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Cysteine-Mediated Redox Signaling: Chemistry, Biology, and Tools for Discovery

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Chemical Reviews

American Chemical Society

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      Rapid planetesimal formation in turbulent circumstellar discs

      The initial stages of planet formation in circumstellar gas discs proceed via dust grains that collide and build up larger and larger bodies (Safronov 1969). How this process continues from metre-sized boulders to kilometre-scale planetesimals is a major unsolved problem (Dominik et al. 2007): boulders stick together poorly (Benz 2000), and spiral into the protostar in a few hundred orbits due to a head wind from the slower rotating gas (Weidenschilling 1977). Gravitational collapse of the solid component has been suggested to overcome this barrier (Safronov 1969, Goldreich & Ward 1973, Youdin & Shu 2002). Even low levels of turbulence, however, inhibit sedimentation of solids to a sufficiently dense midplane layer (Weidenschilling & Cuzzi 1993, Dominik et al. 2007), but turbulence must be present to explain observed gas accretion in protostellar discs (Hartmann 1998). Here we report the discovery of efficient gravitational collapse of boulders in locally overdense regions in the midplane. The boulders concentrate initially in transient high pressures in the turbulent gas (Johansen, Klahr, & Henning 2006), and these concentrations are augmented a further order of magnitude by a streaming instability (Youdin & Goodman 2005, Johansen, Henning, & Klahr 2006, Johansen & Youdin 2007) driven by the relative flow of gas and solids. We find that gravitationally bound clusters form with masses comparable to dwarf planets and containing a distribution of boulder sizes. Gravitational collapse happens much faster than radial drift, offering a possible path to planetesimal formation in accreting circumstellar discs.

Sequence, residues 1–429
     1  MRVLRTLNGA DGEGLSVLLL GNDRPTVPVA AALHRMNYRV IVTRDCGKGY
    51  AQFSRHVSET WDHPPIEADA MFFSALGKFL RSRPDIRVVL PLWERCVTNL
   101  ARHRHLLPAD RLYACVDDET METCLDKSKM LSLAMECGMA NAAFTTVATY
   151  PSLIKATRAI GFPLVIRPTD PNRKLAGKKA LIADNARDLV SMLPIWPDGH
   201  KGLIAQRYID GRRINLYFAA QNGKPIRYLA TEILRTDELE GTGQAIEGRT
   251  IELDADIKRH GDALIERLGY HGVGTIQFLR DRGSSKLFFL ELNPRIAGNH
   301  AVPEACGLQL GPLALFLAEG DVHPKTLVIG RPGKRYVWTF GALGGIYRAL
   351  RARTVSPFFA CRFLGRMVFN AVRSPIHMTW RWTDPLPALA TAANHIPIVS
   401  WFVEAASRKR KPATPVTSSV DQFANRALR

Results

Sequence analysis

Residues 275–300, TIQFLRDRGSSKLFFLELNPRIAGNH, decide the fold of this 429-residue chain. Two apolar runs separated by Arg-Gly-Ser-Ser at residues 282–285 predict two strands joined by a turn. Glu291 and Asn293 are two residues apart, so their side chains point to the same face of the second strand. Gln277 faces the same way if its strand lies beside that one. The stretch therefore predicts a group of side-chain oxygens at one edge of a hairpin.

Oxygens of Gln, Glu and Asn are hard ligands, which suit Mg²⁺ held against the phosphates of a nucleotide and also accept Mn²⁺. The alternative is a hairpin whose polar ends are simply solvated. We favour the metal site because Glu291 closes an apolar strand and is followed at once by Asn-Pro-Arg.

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        The NOX family of ROS-generating NADPH oxidases: physiology and pathophysiology.

        For a long time, superoxide generation by an NADPH oxidase was considered as an oddity only found in professional phagocytes. Over the last years, six homologs of the cytochrome subunit of the phagocyte NADPH oxidase were found: NOX1, NOX3, NOX4, NOX5, DUOX1, and DUOX2. Together with the phagocyte NADPH oxidase itself (NOX2/gp91(phox)), the homologs are now referred to as the NOX family of NADPH oxidases. These enzymes share the capacity to transport electrons across the plasma membrane and to generate superoxide and other downstream reactive oxygen species (ROS). Activation mechanisms and tissue distribution of the different members of the family are markedly different. The physiological functions of NOX family enzymes include host defense, posttranlational processing of proteins, cellular signaling, regulation of gene expression, and cell differentiation. NOX enzymes also contribute to a wide range of pathological processes. NOX deficiency may lead to immunosuppresion, lack of otoconogenesis, or hypothyroidism. Increased NOX activity also contributes to a large number or pathologies, in particular cardiovascular diseases and neurodegeneration. This review summarizes the current state of knowledge of the functions of NOX enzymes in physiology and pathology.